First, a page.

Impressions – from a very small cog in the Witney wheel

Purposeful efficiency at the Corn Street headquarters, a fair-sized room full of people moving about. Friendly greeting from the man with the large-shelved bookcase stuffed with leaflets and letters, whisked to the registration desk with people busy at computers behind it, more friendly smiles plus tea and cake.

It was the middle of Tuesday afternoon. And there was the candidate, Liz Leffman, pausing between trips out, pleased to meet another Cumbrian volunteer. I had just missed Tim, apparently, now on his way back to London after his fourth, penultimate, visit. (How had he managed four? I’d heard him address the North-West Lib Dems’ conference in Lancaster the previous Saturday afternoon.)

Now it was time to work. Here were three volunteers, two men and a woman, about to go out in a car to a Witney estate. Would I join them? Within half an hour, equipped with large bundles of leaflets and letters, a map and a list of the exact houses to be delivered, I was starting my round: leaflets for every house, addressed letters for many of them. There were no posters up. A man walking a dog smiled, but one householder thrust back the leaflet and letter, saying crossly that her daughter was at Uni but wouldn’t be voting Lib Dem anyway.

It was easy work for me on that modern estate with its clearly numbered houses. Yet after two hours I found my head was spinning slightly, my shoulders ached and my neck was cold.  Why was this simple exercise wearing me out much more rapidly than Cumbrian fell walks? I was glad when my companions, a bit younger and faster than me, rang to say they were finished and came to help me complete my second road. Apparently they had done nine hours’ delivering the day before. I thought, I couldn’t have done that.

They said they were camping out in the big house of a generous local Lib Dem. That took me back. Where had I done the same as a student Liberal? Wasn’t it Nuneaton? The candidate there didn’t get in (are there Lib Dems now in Nuneaton?), but in Colne Valley our late-lamented Richard Wainwright did, and of course David Steel in Roxburgh, Selkirk and Peebles. Happy days!

As dusk fell we re-entered headquarters: the room full of people listening to, presumably, the chief campaign manager, urging everyone to further efforts, and Liz being happy with all that had been done. Then there was a surprise – a little birthday cake with candles for Tom, one of my three companions, who had chosen to spend his 30th birthday like this, a true Lib Dem. ‘He’s just half my age’, muttered the man next to me with a rueful smile, no doubt recalling like the rest of us past birthdays and past campaigns as well.

But there was more work to be done. Would I go out and canvass with someone else? enquired the efficient woman organiser. I braced myself for the expected cold, regretting not bringing scarf, hat and gloves. However, I was reprieved. Liz would have to be driven back to her home in Charlbury by and by, could I take her? Meantime she would have some supper at the Three Horseshoes down the road, since it was good to be seen in the local hostelries.

I joined her there, with three new companions, and talk flowed over the quick meal. Then Liz and I walked to my car and I drove her home along the country roads in the dusk. I’d already absorbed what an excellent standard-bearer she was for us, and it was good to hear more about her life.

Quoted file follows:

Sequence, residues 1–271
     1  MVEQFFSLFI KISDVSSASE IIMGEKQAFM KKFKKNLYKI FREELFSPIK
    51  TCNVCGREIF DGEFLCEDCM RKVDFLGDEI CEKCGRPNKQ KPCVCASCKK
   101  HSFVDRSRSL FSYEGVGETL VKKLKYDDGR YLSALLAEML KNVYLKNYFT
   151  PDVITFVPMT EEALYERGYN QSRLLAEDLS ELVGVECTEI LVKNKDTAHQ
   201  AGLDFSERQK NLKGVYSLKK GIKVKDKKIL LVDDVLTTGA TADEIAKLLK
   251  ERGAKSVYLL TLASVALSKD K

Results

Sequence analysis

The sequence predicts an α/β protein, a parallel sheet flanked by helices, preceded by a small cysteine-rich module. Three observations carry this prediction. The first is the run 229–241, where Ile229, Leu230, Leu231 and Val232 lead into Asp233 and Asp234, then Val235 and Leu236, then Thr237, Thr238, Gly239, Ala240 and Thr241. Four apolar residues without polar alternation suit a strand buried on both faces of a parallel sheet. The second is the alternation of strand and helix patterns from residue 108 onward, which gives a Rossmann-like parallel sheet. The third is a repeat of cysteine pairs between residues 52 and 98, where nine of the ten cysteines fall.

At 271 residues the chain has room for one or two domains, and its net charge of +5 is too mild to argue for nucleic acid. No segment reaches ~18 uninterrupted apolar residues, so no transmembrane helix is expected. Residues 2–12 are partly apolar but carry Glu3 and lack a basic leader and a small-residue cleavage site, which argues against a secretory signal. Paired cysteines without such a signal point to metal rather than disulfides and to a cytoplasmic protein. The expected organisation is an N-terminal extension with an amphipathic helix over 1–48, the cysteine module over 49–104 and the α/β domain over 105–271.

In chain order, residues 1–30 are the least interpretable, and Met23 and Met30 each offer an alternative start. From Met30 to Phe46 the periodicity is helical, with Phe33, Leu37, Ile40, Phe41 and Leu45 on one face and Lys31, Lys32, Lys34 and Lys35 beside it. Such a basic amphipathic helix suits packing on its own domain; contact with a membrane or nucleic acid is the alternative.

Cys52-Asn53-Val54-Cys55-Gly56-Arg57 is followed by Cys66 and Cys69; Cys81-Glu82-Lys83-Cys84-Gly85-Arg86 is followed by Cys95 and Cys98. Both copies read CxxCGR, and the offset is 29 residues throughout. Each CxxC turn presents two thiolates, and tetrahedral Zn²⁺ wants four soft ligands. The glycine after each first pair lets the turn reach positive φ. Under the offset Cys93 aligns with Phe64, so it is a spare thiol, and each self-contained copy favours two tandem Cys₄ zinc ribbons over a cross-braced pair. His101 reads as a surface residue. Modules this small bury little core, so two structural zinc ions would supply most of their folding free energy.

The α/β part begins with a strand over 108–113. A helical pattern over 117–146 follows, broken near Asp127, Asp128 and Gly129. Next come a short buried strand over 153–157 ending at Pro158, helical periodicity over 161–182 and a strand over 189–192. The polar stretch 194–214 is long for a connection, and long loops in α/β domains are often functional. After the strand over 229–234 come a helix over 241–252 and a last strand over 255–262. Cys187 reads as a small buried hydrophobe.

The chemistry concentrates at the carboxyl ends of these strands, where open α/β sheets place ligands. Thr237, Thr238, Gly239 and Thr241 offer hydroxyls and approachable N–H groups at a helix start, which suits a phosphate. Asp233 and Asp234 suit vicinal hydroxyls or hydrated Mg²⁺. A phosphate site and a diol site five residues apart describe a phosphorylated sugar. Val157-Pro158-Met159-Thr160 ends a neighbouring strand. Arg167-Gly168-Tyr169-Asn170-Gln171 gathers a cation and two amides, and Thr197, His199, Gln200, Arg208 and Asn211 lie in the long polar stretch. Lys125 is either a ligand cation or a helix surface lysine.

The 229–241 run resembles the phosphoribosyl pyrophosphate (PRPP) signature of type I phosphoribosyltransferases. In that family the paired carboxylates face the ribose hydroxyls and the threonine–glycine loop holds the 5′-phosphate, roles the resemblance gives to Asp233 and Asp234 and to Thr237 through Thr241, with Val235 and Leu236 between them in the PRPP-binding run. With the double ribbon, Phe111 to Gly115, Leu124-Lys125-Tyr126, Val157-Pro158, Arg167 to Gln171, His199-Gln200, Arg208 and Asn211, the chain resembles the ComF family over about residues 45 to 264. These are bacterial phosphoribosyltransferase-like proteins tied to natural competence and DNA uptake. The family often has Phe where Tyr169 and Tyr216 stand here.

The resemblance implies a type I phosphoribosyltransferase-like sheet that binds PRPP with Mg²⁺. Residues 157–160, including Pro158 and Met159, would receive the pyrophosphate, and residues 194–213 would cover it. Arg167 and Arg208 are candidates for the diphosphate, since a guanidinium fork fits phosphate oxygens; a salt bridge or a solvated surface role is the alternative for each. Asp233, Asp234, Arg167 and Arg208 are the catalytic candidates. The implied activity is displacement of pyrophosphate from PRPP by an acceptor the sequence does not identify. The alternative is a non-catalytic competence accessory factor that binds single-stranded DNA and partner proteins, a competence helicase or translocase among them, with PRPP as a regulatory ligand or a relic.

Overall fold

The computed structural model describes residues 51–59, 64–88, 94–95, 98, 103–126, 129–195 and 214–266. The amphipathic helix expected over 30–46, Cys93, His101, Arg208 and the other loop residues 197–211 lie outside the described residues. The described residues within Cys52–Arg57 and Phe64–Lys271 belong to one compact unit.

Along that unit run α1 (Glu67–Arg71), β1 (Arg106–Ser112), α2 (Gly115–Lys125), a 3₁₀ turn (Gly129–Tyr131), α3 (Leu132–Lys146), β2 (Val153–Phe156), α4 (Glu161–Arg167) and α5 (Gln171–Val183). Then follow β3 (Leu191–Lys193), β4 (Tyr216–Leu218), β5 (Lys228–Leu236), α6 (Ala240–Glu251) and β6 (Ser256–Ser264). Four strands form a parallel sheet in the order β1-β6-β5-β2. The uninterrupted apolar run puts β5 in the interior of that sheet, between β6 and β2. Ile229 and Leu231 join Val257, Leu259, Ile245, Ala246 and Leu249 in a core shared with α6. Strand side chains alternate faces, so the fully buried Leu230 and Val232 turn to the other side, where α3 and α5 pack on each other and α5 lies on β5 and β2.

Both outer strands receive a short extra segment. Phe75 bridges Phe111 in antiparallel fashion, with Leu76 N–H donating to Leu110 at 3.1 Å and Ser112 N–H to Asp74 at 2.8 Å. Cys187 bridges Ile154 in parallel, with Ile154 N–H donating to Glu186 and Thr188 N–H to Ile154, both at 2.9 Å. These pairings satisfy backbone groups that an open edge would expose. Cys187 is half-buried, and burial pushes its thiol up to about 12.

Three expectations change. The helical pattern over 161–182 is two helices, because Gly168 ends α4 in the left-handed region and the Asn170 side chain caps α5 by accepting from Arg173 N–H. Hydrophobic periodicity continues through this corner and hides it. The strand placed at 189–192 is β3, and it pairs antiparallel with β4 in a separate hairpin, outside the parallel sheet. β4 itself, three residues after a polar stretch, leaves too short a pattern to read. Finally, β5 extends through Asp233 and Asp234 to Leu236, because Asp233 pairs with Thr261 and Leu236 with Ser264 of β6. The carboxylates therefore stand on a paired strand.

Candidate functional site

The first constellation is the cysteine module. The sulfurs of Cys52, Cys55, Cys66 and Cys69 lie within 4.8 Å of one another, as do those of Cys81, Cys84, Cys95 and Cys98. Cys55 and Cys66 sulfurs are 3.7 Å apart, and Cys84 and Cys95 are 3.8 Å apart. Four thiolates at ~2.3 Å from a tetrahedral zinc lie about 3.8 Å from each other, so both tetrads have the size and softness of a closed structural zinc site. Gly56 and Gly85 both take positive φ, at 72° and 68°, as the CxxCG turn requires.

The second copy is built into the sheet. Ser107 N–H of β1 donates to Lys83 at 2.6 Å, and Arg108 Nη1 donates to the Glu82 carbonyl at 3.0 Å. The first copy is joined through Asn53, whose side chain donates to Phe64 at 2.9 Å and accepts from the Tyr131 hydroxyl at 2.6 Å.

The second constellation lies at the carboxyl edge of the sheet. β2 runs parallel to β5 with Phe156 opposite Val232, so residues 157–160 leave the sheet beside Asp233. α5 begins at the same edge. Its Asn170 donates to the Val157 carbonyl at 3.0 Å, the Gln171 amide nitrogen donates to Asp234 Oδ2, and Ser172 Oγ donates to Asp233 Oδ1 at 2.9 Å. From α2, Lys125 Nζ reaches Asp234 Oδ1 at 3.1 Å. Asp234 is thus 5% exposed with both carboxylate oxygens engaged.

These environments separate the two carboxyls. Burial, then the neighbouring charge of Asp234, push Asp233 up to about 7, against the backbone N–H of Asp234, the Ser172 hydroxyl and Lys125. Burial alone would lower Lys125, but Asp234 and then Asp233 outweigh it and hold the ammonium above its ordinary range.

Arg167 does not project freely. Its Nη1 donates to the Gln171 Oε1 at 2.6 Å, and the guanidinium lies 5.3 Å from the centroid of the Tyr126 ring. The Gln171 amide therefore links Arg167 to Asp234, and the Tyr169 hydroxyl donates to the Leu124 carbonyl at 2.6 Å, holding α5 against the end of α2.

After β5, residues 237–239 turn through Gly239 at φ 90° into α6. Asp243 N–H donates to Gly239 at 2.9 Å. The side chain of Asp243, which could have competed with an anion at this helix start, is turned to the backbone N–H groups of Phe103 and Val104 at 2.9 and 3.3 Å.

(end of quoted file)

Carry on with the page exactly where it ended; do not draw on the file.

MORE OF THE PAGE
Next morning we were going to Chipping Norton – splendid! Surely the epicentre of our fantasy enemy, the uncaring Tory, indifferent to the plight of the poor! Liz was there in the centre, with her entourage including her (I presume!) P.A. for the day, one Paddy Ashdown.

A tall man carrying a large number of leaflets spotted my rosette, and came over to see who I was. This was Ian, all the way from Edinburgh, been there since Saturday, doing his own deliveries after collecting each morning from HQ. He had plenty of deliveries left, so I joined him and we drove to a spot in the town where we could each take a long street. And just as I finished mine at the top of a hill, I met up with Ed and helped him finish a last little estate and drove him back to Witney.

Ed’s satnav led us through quiet golden-stone villages which I remembered from living here, talking of his impending move from London to live in Chesterfield, and of art and the poetry of Blake and Keats. We were bumping over far more sleeping policemen than there used to be, on little roads all now speed-limited. Still, there were obviously a lot more sleeping Liberal Democrats waiting to be roused by the good fairy Liz and her many attendant elves.

It was the afternoon before Polling Day. Sal Brinton was at HQ, just back from canvassing. I had last seen our President at Lancaster the previous Saturday: wheelchair travel must be remarkably quick!

After greeting her I tackled a last job in a little estate by the river and just managed the deliveries in the gathering dusk. Back at HQ I was in time to hear the final urging of the campaign manager to everyone to pull out all the stops next day, and hear Liz’s final warm words, about her pleasure whatever the outcome of this splendid four-and-a-half week campaign. I looked at her, still fresh-faced, calm, friendly and capable, and said my farewells with regret. The gargantuan task undertaken by all involved would, as we know now, have an outcome which seems completely deserved, and is now being rightly celebrated.

 

* Katharine Pindar is a long-standing member of the Lib Dems and an activist in the West Cumbrian constituency of Copeland and Workington.

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